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CHP First Responders

From left, Sen. Bill Dodd, CHP Flight Officer Paramedic Whitney Lowe, CHP Helicopter Pilot Pete Gavitte, and Rep. Mike Thompson. First Responders Lowe and Gavitte were honored for saving victims in the middle of the night from the October 2017 wildfires.

CALISTOGA — One year after the deadly October 2017 wildfires, federal, state and local representatives met in Calistoga Tuesday to update the public on new fire prevention measures and work still to be done.

State Sen. Bill Dodd hosted a forum at the Calistoga Community Center, a few miles from where the Tubbs Fire started on Bennett Lane the night of Oct. 8. It was among a series of Northern California fires that night that were the most destructive in state history.

Joining Dodd were Representative Mike Thompson, Napa County Supervisor Diane Dillon, Calistoga Mayor Chris Canning, Napa County Fire Chief Barry Biermann, Napa County Chaplain Lee Shaw and Monica Stevens of Jameson Animal Rescue Ranch.

In many ways, the fires were a wake-up call for government representatives. Dillon called it “a new day for government with new issues to help in the future. We learned so much, as always happens in these situations.”

Many of the new fire prevention and safety measures have been reported on in local news this past week, including siren alert systems and fire-watch cameras installed around the Napa Valley, which Dillon spoke about. She also encouraged residents to use evacuation tags, issued by the county, to be placed on mailboxes or doors to notify first responders that a residence has been vacated in an emergency.

Canning described a city-wide siren system that Calistoga is actively pursuing. “It’s about as old-school as you can get, but a lot of us sleep with our phones turned off, and it is the most effective,” he said.

Asked for an update on Clover Flat Landfill in Calistoga, the site of five fires within the last year, Biermann said the owners of the landfill “have met the most stringent requirements and … everything we asked for is in place.”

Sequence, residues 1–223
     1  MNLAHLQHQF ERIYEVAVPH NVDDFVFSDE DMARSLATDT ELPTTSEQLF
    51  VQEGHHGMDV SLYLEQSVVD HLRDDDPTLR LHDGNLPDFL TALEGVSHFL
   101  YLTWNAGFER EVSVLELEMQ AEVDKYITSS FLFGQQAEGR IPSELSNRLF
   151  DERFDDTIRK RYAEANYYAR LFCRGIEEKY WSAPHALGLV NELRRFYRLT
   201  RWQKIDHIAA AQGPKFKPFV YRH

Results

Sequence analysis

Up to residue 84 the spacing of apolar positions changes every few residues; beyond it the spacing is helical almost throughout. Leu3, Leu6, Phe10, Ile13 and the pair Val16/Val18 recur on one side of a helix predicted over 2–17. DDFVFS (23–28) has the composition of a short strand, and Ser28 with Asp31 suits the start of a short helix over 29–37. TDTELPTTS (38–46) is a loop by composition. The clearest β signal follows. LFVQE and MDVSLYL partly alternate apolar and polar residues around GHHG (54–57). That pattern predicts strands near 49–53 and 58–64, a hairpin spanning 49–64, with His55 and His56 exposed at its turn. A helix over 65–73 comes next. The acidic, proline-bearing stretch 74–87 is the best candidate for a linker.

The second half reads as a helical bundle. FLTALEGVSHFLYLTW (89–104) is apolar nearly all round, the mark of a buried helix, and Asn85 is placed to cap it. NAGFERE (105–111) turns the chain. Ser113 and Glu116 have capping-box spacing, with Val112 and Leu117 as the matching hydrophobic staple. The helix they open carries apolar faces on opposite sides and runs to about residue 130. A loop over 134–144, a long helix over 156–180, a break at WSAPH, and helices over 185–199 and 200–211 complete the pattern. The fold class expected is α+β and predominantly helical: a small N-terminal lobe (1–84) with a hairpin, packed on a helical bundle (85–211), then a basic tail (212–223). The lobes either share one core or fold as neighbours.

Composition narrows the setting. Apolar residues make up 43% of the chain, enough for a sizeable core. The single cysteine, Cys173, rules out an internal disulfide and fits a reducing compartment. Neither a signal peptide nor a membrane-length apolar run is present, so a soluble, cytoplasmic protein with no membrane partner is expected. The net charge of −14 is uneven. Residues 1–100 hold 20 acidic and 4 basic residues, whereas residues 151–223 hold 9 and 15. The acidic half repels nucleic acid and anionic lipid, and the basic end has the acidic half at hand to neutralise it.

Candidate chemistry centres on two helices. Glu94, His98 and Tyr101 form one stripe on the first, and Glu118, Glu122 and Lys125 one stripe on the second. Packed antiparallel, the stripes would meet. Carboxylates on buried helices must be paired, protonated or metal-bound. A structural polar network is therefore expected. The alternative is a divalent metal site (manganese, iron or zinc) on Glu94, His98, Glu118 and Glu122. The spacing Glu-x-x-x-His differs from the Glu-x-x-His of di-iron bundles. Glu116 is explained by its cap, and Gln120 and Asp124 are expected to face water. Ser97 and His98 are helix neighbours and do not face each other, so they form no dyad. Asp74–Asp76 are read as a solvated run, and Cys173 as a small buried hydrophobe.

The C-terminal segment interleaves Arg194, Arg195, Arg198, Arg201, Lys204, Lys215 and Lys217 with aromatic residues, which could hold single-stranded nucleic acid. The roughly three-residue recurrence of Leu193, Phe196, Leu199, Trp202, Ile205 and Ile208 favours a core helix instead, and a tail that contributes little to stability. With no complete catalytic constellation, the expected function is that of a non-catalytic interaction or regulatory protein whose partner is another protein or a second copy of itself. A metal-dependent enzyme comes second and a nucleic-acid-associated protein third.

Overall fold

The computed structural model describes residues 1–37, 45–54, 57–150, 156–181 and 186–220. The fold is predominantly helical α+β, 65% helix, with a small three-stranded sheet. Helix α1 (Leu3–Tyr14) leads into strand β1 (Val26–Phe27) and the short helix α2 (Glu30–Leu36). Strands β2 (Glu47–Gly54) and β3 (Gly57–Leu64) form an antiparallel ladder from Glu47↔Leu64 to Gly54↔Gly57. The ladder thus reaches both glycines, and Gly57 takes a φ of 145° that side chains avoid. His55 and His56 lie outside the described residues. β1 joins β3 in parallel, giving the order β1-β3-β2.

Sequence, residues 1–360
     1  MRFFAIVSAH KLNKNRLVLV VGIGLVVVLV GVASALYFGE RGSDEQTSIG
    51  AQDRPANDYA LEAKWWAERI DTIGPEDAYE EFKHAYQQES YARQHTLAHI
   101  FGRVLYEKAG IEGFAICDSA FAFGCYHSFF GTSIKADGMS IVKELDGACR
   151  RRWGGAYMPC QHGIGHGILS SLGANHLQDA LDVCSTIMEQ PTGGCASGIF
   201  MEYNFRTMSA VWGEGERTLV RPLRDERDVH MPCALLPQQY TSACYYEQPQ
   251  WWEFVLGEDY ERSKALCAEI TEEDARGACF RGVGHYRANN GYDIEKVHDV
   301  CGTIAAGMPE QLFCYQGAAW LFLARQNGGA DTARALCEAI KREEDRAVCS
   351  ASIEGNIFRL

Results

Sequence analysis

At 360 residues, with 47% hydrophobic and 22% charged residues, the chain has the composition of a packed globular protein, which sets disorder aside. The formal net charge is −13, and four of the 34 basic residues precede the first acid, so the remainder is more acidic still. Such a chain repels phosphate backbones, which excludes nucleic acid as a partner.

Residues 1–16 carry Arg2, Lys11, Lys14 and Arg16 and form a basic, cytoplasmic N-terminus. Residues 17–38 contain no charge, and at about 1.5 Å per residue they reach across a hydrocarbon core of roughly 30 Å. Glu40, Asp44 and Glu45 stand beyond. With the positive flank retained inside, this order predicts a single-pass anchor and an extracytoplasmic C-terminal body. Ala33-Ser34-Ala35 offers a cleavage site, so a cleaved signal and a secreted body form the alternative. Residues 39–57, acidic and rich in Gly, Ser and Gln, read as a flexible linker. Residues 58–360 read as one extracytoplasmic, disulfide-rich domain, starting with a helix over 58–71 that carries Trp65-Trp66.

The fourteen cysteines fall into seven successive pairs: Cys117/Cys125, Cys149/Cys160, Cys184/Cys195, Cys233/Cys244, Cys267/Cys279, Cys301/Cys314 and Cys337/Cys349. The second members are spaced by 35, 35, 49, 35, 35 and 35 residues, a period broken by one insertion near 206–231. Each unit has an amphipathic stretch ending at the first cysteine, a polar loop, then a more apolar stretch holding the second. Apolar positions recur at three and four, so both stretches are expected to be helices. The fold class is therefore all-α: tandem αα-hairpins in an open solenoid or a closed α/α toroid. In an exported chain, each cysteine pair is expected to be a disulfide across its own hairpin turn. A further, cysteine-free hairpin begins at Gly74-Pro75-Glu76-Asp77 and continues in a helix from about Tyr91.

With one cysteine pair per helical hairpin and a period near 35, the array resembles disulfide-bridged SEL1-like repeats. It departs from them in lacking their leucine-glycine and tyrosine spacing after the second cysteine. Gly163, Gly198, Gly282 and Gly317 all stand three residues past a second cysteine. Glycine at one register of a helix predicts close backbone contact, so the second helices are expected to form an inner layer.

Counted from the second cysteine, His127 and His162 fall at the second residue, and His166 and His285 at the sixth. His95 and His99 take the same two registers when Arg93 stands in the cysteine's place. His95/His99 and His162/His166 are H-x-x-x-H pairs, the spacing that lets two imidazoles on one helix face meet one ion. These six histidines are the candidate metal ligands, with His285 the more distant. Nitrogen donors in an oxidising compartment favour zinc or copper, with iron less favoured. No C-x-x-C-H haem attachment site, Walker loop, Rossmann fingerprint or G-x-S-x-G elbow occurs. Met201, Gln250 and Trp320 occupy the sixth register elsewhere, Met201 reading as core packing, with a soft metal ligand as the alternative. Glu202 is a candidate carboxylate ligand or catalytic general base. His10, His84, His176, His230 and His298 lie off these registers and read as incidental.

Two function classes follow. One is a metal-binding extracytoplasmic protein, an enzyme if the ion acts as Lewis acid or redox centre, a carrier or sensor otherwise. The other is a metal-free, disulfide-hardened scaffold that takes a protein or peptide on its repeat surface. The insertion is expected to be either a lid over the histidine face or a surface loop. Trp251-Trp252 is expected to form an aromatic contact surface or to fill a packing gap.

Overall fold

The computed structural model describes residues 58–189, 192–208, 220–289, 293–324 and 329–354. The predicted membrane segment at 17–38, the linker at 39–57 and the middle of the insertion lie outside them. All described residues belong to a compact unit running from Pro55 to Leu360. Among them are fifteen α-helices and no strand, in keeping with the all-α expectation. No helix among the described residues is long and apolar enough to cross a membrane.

Thompson noted that in “hyper-partisan times” it has been a little difficult securing federal funds for fire recovery efforts, but said that the last approval has been met for Lake County fire relief at 90 percent of costs shared.

Dodd discussed his wildfire legislation, SB 901, which was signed by Gov. Jerry Brown in September.

The bill broadly expands state prevention efforts while allowing utility companies to shift some fire-related costs to their customers. It is aimed at preventing bankruptcy for PG&E, which faces billions of dollars in liability if investigators determine its equipment caused the Tubbs Fire that was blown by strong winds into Santa Rosa, destroying 36,000 acres, more than 5,600 homes and killing 22 people before being contained Oct. 31.

The controversial bill — critics call it a bailout for PG&E investors who can pass the costs of their negligence on to ratepayers and victims of the fires — creates a special process for the 2017 fires, which caused more than $10 billion in damage.

According to the bill, if PG&E is blamed for the most destructive fires and passes along costs to customers, they’ll appear as a surcharge on monthly utility bills for the next 20 years.

The cost is unknown because it’s not clear which fires will ultimately be linked to PG&E and what its final settlement will look like, but Dodd said the average residential ratepayer would pay an estimated $5 for every $1 billion dollars that PG&E must finance.

“I take real exception (to calling the bill a bailout). The bill prevents victims from becoming victims again,” Dodd said. “If PG&E files for bankruptcy, the ratepayers get hammered.”

“Five dollars is better than all costs borne in case of bankruptcy. I welcome any suggestions to hold the utilities’ feet closer to the fire,” Dodd said.

The bill also boosts government fire-protection efforts by $1 billion over the next five years, providing funds that could help clear thousands of acres of dense, dry forests and brittle coastal brush, for forest health, fire prevention and reduction of “fuel.”

Looking towards the future, residents can expect more fire-related legislation, Dodd said.

Another key issue government representatives at all levels must solve is bilingual translation in emergency systems and the current lack of it.

“It’s really been challenging,” Dillon said.

To date, English-to-Spanish translators have disagreed on details such as what level of speaker to translate to, which eventually will have to be standardized statewide, Dillon said.

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You can reach Cynthia Sweeney at or 942-4035.


The Weekly Calistogan Editor